Study in London

How to deal with the weather

London isn’t exactly known for its beautiful weather and coming from somewhere where it’s usually warm and sunny can be a bit of a shock.

Your first winter may be the hardest, but taking it easy with a little knowledge and an idea of ​​what to expect can make it more bearable.

Plan ahead for snow

Even though it snows, London is not very well prepared for it. In the last six years, London has only experienced a handful of snowy days, and while elusive, they can be a lot of fun – but also a bit of a headache.

First all public transport shuts down (yup, that’s right, the trains just can’t handle it), then the roads get clogged with buses and you know what that means? A day off from work and school for everyone (unless you are within walking distance or work for the emergency services).

Everyone flocks to their local parks to make snowmen and throw snowballs, and all of a sudden you have a park full of grown kids making new friends.

At the other end of the scale, you experience hot summers (where everyone also flocks to the parks to sunbathe and have a picnic). And you’ll want to buy a desk fan, because there’s no air conditioning in London.

Make the most of the proximity to Europe

Cheap getaways to (slightly) sunnier European locations are just a few pounds away, sometimes costing as little as £20 return.

The idea of ​​having several countries in a matter of hours takes some getting used to, but make the most of it while you can! There’s a whole world of discoveries to be had, and the world is at your feet for the same price as a cheap new pair of shoes.

If you are environmentally conscious and watch your carbon footprint or air miles, you can even take the Eurostar to France, Belgium or Amsterdam.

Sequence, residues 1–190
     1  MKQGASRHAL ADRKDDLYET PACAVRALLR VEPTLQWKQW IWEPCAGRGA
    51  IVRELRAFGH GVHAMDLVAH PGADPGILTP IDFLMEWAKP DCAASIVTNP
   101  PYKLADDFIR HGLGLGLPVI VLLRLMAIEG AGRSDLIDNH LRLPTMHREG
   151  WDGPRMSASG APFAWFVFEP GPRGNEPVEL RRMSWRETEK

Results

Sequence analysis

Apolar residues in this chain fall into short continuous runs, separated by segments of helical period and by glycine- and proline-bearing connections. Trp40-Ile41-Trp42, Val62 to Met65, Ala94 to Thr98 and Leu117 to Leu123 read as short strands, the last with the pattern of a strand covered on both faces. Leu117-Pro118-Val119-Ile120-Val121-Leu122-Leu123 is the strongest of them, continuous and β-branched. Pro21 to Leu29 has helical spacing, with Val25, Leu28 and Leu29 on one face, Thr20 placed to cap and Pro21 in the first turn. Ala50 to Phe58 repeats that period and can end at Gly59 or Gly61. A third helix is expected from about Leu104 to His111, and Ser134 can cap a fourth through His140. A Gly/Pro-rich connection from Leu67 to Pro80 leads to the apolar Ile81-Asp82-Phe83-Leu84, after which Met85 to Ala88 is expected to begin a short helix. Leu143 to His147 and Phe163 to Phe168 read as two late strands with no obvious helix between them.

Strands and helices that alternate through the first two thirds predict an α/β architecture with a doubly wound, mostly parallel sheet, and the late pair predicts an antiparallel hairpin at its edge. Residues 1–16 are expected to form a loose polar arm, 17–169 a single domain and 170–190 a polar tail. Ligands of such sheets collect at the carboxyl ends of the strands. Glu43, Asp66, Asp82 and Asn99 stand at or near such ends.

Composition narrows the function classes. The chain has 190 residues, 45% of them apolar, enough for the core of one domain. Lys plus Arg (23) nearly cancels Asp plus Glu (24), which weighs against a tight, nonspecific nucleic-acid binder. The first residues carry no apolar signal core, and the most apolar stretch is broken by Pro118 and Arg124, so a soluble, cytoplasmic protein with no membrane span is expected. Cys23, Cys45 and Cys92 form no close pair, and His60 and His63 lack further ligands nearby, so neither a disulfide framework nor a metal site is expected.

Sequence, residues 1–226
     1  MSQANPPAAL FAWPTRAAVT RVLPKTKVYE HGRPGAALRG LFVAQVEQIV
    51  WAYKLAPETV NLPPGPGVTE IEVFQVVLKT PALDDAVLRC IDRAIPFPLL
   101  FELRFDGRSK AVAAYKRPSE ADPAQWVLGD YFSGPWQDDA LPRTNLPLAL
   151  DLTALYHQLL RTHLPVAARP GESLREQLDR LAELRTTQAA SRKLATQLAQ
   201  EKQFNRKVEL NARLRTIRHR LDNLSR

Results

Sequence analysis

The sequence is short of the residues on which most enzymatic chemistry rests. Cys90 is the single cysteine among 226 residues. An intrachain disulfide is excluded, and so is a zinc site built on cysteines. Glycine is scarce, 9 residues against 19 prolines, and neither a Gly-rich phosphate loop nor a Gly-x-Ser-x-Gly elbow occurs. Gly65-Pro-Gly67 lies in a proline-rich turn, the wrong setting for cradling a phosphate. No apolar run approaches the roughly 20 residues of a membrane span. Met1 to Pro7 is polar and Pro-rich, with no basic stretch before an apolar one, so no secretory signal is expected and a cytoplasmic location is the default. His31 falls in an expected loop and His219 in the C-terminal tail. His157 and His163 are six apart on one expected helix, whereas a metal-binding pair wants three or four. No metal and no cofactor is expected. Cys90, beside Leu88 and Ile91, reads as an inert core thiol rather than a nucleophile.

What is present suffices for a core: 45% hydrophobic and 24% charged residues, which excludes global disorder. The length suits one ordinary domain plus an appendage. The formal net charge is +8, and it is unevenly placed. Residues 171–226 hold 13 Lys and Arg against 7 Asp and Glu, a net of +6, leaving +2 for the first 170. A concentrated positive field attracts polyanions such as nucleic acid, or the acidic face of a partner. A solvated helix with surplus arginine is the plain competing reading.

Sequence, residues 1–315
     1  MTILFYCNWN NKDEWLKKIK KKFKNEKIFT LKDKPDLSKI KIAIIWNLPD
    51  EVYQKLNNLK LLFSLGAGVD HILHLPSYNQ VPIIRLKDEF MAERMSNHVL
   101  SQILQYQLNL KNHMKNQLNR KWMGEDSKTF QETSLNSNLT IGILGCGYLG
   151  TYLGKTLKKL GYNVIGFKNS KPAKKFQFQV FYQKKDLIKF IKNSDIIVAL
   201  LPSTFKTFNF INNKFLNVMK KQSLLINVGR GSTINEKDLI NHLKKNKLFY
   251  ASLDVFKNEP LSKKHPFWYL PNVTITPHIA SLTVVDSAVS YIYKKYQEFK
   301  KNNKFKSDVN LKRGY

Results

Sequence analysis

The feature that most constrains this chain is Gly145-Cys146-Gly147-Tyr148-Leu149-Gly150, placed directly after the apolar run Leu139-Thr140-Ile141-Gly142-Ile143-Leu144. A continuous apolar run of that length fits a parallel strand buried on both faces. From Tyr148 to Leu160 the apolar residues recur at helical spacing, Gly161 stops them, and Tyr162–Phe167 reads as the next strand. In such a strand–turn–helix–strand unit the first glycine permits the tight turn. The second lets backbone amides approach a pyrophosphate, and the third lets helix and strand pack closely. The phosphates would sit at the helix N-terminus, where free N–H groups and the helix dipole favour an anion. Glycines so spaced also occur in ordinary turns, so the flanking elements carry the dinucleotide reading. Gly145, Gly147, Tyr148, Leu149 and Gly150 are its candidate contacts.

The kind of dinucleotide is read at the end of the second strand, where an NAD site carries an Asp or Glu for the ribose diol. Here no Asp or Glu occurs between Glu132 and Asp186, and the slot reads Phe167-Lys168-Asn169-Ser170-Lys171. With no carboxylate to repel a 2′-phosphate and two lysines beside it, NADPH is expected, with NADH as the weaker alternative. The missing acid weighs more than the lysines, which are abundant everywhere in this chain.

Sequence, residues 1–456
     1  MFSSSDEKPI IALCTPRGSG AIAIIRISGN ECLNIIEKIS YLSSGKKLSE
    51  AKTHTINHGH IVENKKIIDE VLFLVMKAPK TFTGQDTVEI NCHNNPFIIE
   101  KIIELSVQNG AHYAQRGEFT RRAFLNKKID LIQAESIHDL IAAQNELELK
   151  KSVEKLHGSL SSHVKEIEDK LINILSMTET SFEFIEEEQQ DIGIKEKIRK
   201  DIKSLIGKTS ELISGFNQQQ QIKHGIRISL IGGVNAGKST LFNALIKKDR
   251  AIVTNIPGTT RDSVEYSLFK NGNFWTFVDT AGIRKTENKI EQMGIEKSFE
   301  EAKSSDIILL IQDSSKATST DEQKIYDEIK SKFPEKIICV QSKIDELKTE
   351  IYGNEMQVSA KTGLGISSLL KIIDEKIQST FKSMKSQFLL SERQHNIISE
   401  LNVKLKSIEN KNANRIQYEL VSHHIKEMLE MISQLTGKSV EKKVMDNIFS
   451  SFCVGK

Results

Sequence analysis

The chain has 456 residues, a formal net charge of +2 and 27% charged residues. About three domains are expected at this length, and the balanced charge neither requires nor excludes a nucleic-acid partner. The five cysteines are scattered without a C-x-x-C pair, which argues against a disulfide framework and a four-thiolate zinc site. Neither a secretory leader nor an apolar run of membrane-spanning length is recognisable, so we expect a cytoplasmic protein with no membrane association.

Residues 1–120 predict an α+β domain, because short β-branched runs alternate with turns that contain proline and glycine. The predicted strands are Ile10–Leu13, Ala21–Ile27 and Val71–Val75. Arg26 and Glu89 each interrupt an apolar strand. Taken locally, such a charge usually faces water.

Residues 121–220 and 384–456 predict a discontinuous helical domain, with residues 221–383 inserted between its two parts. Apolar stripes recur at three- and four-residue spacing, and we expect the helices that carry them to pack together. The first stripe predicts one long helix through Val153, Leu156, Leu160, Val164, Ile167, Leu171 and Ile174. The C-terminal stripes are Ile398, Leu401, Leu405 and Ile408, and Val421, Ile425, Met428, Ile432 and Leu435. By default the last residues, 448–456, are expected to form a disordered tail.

Enjoy the sun while you still can

London has some sunny days, so it’s best to make the most of them while they last.

Most boroughs have a popular park to escape to (London Fields in Hackney, Clapham Common in the south, Regents Park in the west) and there are several lidos and rooftops where you can get your dose of vitamin D while the sun shines.

If you’re looking for something a little further afield, Brighton is just an hour’s drive from London.

Brighton is one of three beaches near London, and the most popular (for good reason). They have the largest pier (full of seaside amusements), a thriving and diverse community, and some great alleys to explore.

Pack your swimsuit, some sandwiches and your bathing suit, but don’t forget some sandals or beach shoes as it’s a pebble beach (not sandy) and nothing hurts more than pebbles under your feet after you’ve softened your feet in the water.

Go outside in winter

Don’t become a homebody just because the temperature has dropped, there’s plenty to do in London during the colder months.

As the leaves begin to change, take a day trip to one of the larger conservation areas (Richmond Park, Epping Forest or Victoria Park) to see the beautiful array of color changes in the leaves. You may even see some wild deer. This is also the best time of year to spot squirrels!

As you get close to Christmas the markets start to open, the big shops (Harrods & Selfridges) open their famous Christmas windows and the streetlights are lit by C grade celebrities in most of the boroughs.

And don’t forget skating. Perhaps the prettiest of them all is Somerset House’s ice rink, with twinkling lights and dedicated staff ready to help if you’re feeling a little like Bambi on ice.

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